The horizontal velocity of the object is 20 m/s. The top of the cliff is 125 m above level ground.

Paraphrase of

system’s understanding

KB

Overall Flow of Processing

Original

text


Part ii discussion controlled languages strengths and challenges

Part II: DiscussionControlled Languages:Strengths and challenges


Strengths

Strengths…

xy B(x)

R(x,y)C(y)???

“A man is driving a truck towards the factory”

  • CPL is easy to use, appears viable

    • built KB with over 1000 rules

    • KB is

      • inference-capable

      • easy to inspect and organize

  • Makes knowledge entry accessible to many users

    • major achievement


Challenges 1 reformulating in a controlled language is not trivial

Original text:

“attack: intense adverse criticism”

CPL:

“IF a person attacks a 2nd person

THEN the first person criticizes the 2nd person intensely.”

Challenges: 1. Reformulating in a Controlled Language is not trivial

  • Task is not just grammatical reformulation

  • Rather:

    • “natural” English leaves much knowledge implicit

    • CPL author must make that explicit


Challenges 1 reformulating in a controlled language is not trivial1

Original text:

“axis: the center around which something rotates”

CPL:

“IF an object is rotating

THEN the object is turning around the object’s axis.”

Challenges: 1. Reformulating in a Controlled Language is not trivial

  • Task is not just grammatical reformulation

  • Rather:

    • “natural” English leaves much knowledge implicit

    • CPL author must make that explicit


2 users may not be aware of system s mistakes

“The man ate the sandwich on the plate”

“The man ate on the plate. He ate the sandwich.”

??????

2. Users may not be aware of system’s mistakes

  • User must be able to spot misinterpretations easily

    • System’s paraphrase must be unambiguous

  • User must know how to correct them


2 users may not be aware of their mistakes

“The man ate the sandwich on the plate”

“The man ate on the plate. He ate the sandwich.”

“the man ate the sandwich that was on the plate”

2. Users may not be aware of their mistakes

  • User must be able to spot errors easily

    • System’s paraphrase must be unambiguous

  • User must know how to correct them


3 natural language based knowledge representations have limited expressivity

3. Natural-Language-based knowledge representations have limited expressivity

“Natural language is very expressive”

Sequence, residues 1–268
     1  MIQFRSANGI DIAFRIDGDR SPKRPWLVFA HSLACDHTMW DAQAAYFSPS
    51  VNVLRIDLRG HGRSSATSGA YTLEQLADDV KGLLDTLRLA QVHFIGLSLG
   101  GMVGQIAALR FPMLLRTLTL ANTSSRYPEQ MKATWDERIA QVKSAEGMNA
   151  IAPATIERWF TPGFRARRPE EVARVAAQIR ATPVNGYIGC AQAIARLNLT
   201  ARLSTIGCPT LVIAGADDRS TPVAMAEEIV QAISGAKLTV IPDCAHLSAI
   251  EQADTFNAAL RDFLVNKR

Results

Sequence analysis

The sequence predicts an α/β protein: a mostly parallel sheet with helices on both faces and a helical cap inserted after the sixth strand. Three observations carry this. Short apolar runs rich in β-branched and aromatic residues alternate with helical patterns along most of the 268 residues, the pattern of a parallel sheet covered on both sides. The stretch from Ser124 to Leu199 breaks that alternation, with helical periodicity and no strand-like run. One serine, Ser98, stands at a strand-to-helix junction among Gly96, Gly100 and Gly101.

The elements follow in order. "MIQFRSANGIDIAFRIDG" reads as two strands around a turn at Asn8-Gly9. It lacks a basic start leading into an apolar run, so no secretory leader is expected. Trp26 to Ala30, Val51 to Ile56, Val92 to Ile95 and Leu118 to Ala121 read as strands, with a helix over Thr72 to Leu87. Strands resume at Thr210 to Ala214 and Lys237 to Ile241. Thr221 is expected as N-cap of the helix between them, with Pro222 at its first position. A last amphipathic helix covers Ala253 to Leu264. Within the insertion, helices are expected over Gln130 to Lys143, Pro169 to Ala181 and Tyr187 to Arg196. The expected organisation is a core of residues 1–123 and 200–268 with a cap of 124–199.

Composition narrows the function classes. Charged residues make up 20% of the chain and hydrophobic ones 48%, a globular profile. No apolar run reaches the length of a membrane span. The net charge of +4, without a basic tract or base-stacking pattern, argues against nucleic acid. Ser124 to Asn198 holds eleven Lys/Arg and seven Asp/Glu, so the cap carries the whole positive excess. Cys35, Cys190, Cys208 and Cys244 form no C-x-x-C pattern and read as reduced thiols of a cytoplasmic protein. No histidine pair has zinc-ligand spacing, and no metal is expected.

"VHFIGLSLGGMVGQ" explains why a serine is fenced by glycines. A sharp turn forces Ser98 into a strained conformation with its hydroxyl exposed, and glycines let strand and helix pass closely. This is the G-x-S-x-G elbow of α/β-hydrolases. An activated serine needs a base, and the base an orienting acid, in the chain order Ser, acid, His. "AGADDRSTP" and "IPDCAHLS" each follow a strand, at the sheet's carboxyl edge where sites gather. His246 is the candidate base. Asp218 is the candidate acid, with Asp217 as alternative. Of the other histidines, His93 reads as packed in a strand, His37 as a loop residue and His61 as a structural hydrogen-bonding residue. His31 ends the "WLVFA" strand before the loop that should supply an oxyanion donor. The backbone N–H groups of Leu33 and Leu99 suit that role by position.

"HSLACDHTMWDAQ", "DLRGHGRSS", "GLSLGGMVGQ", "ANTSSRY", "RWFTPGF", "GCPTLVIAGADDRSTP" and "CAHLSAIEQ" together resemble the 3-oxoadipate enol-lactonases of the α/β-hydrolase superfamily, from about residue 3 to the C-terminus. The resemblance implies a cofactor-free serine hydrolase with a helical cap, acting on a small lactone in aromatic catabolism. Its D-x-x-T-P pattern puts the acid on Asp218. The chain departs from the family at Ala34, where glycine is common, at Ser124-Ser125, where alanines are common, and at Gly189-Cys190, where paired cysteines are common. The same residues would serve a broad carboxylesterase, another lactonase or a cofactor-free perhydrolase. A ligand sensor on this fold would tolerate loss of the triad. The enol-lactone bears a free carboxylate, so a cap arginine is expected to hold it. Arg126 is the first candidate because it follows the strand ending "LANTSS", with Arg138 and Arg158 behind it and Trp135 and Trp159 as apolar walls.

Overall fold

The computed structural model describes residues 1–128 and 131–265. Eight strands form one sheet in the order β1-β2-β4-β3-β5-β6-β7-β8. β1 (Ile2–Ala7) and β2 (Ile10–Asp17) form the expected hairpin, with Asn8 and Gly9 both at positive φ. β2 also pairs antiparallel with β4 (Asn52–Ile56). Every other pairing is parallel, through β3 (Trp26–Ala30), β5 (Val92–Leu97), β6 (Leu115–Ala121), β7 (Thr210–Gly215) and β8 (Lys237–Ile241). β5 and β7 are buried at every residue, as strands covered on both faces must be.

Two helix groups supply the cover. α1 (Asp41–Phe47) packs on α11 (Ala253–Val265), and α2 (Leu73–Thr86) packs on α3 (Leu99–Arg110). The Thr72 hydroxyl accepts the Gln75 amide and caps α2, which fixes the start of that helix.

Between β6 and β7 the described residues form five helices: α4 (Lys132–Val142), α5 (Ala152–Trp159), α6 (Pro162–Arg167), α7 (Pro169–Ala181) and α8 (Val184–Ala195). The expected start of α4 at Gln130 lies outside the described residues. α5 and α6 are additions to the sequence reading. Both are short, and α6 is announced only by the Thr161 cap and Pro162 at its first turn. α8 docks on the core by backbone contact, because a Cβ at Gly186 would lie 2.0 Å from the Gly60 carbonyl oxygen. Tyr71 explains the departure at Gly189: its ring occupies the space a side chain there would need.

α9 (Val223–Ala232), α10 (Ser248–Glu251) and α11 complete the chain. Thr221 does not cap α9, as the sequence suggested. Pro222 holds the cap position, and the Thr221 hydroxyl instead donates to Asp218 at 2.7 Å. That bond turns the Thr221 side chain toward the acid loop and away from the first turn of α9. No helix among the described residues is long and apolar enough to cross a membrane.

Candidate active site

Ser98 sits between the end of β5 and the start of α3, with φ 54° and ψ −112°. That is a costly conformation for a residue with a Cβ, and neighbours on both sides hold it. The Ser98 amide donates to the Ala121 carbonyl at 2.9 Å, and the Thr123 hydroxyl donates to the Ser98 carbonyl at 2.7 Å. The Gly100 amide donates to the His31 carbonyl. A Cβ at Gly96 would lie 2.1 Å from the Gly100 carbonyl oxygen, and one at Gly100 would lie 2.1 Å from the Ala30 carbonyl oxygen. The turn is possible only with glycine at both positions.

• …not to the computer! (Avoid “wishful semantics”)

  • Expressiveness =

    • the amount the computer understands

    • the amount it is able to use to draw conclusions from

  • Everything else is meaningless to the computer

  • e.g., CPL can’t express:

    • constraints, defaults, some quantification patterns


4 sometimes linguistically motivated representations are poor

NL-based

KR

“Traditional”

KR

distance(_Walk1, _Mile1)

count(_Mile1, 10)

distance(_Walk1, _Distance1)

value(_Distance1, 10, mile)

4. Sometimes, linguistically motivated representations are poor

  • Language-based KR:

    • Most concepts correspond to words

    • Structure of KB will mirror structure of language

  • Is this bad? Sometimes…

“… walked for 10 miles”


5 lack of canonicalization

5. (Lack of) Canonicalization

“conducting a test of an entity”

“testing an entity”

  • Many ways to say the same thing

  • System needs to realize the equivalence

    BUT: often NL-based KRs will not 

    Solutions:

  • Add equivalence rules. (But there are lots!!)

    • e.g., “Conducting a X of Y ↔ Xing a Y”

  • Have the interpreter normalize the input.

  • Restrict the input language.


Summary

Summary

  • CPL = a restricted English language for knowledge

    • Hits “sweet spot” between logic and full NLP

    • Produces inference-capable representations

    • Is viable, used to build a large KB

  • But: No “free lunch”

    • requires skill to use it effectively

  • NL-based KRs are becoming more important!

    • Web: need semantically meaningful annotations

    • AI: need better knowledge acquisition tools

  • Some exciting possibilities ahead (esp. at Boeing!)